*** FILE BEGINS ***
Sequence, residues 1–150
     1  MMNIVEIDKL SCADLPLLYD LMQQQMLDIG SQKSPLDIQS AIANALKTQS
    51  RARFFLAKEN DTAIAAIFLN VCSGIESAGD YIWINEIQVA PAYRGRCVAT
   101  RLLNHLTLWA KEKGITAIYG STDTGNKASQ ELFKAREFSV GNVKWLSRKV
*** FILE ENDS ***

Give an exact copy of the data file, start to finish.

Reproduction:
Sequence, residues 1–150
     1  MMNIVEIDKL SCADLPLLYD LMQQQMLDIG SQKSPLDIQS AIANALKTQS
    51  RARFFLAKEN DTAIAAIFLN VCSGIESAGD YIWINEIQVA PAYRGRCVAT
   101  RLLNHLTLWA KEKGITAIYG STDTGNKASQ ELFKAREFSV GNVKWLSRKV